(Reuters) – Anheuser-Busch InBev, the world’s largest brewer, is close to proposing JAB Holding Chief Executive Olivier Goudet as its next chairman, according to four sources familiar with the matter.
The ascent of Goudet, a Frenchman who has been on the AB InBev board since 2011, highlights the close ties between the associates of JAB and 3G Capital, two of the most important private investors in the global consumer goods industry. 3G Capital has four of its founding partners on the brewer’s board.
Goudet, a former Mars Inc CFO, would replace Dutchman Kees Storm whose term expires this year. He would bring expertise in operations and deal-making, both core to AB InBev, which has grown into the world’s largest brewer through a series of cross-border combinations over the years.
“When it comes to pursuing organic growth, he’s got a lot of expertise from his Mars days that I’m sure will be relevant but these guys don’t need any help when it comes to knowing how to do deals,” said Bernstein Research analyst Trevor Stirling.
Large mega-brewers are struggling with low growth in developed markets as weak economies curb consumer spending and many young drinkers choose cocktails or craft beers often made by independent brewers. They have raced to expand into new corners of emerging markets, where incomes are rising along with a thirst for alcoholic drinks.
Goudet’s nomination could occur in the coming days, said the sources, who declined to be identified as the matter is private.
A spokeswoman for AB InBev, maker of Budweiser and Stella Artois, declined to comment. Goudet also declined to comment through a spokesman.
Storm, who was born in 1942 and is also stepping down this year from his position on the board of consumer goods maker Unilever, was named to the board in 2002, becoming chairman in 2012. He replaced Peter Harf who also led JAB for decades.
Since June 2012, Goudet, born in 1964, has been partner and CEO of JAB Holding, the investment vehicle of the billionaire Reimann family of Germany, which is in the process of forming the world’s largest standalone coffee company by combining the coffee business of Mondelez International with D.E Master Blenders 1753.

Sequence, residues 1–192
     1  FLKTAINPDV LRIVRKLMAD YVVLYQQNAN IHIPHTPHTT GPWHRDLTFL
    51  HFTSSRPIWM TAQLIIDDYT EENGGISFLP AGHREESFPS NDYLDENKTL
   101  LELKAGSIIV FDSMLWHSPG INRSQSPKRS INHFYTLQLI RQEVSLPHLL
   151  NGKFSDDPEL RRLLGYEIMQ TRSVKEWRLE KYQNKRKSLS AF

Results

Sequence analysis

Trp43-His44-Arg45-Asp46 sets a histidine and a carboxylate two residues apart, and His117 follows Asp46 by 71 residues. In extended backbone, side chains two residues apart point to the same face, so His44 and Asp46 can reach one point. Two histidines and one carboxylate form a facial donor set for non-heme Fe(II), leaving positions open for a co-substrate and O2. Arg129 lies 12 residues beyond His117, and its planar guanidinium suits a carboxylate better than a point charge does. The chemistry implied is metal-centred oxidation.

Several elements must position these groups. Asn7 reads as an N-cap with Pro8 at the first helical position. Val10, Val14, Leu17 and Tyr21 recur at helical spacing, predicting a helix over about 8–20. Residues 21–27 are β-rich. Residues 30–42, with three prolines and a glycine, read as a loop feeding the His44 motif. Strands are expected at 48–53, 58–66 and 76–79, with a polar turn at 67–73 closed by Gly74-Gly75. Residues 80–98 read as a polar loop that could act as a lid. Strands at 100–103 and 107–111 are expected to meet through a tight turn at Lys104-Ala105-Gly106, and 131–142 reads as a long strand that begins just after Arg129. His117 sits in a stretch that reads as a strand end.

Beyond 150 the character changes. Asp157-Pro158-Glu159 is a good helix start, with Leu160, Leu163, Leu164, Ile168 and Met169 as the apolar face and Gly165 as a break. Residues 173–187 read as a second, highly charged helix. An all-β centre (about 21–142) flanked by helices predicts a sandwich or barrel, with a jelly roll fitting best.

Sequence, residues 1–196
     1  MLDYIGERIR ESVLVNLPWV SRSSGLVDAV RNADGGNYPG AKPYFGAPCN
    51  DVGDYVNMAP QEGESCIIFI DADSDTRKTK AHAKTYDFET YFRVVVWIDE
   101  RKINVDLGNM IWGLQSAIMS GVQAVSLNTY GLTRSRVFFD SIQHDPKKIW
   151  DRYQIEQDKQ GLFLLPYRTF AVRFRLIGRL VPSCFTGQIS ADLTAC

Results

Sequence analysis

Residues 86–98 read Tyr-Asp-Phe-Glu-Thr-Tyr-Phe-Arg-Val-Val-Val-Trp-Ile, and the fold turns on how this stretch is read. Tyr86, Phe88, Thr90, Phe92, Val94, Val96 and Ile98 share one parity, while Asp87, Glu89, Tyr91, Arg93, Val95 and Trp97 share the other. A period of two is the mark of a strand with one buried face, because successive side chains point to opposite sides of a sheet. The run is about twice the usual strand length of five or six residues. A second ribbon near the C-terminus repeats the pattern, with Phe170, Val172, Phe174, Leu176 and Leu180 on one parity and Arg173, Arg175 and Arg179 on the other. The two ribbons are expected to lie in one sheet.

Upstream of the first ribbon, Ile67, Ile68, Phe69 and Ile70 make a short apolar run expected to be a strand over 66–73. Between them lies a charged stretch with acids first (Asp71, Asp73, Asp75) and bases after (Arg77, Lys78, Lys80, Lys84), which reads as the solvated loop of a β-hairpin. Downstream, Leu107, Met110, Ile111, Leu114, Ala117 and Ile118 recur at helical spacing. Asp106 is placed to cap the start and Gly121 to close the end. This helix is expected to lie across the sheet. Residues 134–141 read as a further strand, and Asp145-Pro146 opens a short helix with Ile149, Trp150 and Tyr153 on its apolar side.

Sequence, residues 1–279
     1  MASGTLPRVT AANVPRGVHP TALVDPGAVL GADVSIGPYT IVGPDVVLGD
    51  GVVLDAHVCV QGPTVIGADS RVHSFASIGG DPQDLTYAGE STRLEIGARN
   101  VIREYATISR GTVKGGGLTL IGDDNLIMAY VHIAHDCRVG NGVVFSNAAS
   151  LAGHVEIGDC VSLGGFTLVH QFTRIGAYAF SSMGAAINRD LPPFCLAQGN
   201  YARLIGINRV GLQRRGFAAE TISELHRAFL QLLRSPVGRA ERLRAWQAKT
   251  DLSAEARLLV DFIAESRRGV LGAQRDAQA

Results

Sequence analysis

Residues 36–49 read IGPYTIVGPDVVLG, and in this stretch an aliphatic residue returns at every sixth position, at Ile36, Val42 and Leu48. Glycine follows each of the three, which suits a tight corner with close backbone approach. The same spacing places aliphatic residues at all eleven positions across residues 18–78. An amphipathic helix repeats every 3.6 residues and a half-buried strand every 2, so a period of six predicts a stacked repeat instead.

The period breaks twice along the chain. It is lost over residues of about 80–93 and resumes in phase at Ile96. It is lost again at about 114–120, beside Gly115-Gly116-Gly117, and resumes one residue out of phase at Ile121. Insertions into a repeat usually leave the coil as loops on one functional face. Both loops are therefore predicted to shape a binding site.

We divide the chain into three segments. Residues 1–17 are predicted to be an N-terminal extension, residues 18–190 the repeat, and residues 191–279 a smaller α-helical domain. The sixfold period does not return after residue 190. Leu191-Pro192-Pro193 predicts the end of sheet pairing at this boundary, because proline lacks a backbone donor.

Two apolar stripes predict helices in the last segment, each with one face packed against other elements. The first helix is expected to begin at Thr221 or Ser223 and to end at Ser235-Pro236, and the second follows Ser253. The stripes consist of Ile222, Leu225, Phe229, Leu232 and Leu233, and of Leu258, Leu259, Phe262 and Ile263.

3G, which this week announced the roughly $46 billion takeover of Kraft Foods with U.S. investor Warren Buffett, and JAB have become more powerful in recent years, due to a string of large, successful deals.
“It’s created more capital for them to reinvest and it’s attracting capital from (other) families,” said Stirling. “It’s an interlinking world of oligarchs.”
Stirling and other analysts believe the Kraft deal makes the long-speculated takeover by AB InBev of SABMiller less likely in the near-term, given the overlap of management and resources between 3G and AB InBev.
“It’s unlikely they would have sufficient bandwidth to manage the integration of both Heinz/Kraft and ABI/SAB,” Stirling said.
JAB’s 2013 deal for D.E Master Blenders involved Alexandre Van Damme, an AB InBev board member with connections to one of AB InBev’s founding families, and Alejandro Santo Domingo, an SABMiller board member connected to the founding family of a brewer SABMiller now owns.
JAB’s owners are connected to UK consumer goods company Reckitt Benckiser, fragrance company Coty and shoe label Jimmy Choo.
3G’s founders have connections to the Brazilian family founders of AB InBev. Prior to this week’s Kraft deal, 3G and Buffett’s Berkshire Hathaway teamed up to finance the takeover of ketchup maker H.J. Heinz and Burger King’s takeover of Canadian coffee chain Tim Hortons.
By Martinne Geller and Olivia Oran (Editing by Anna Willard)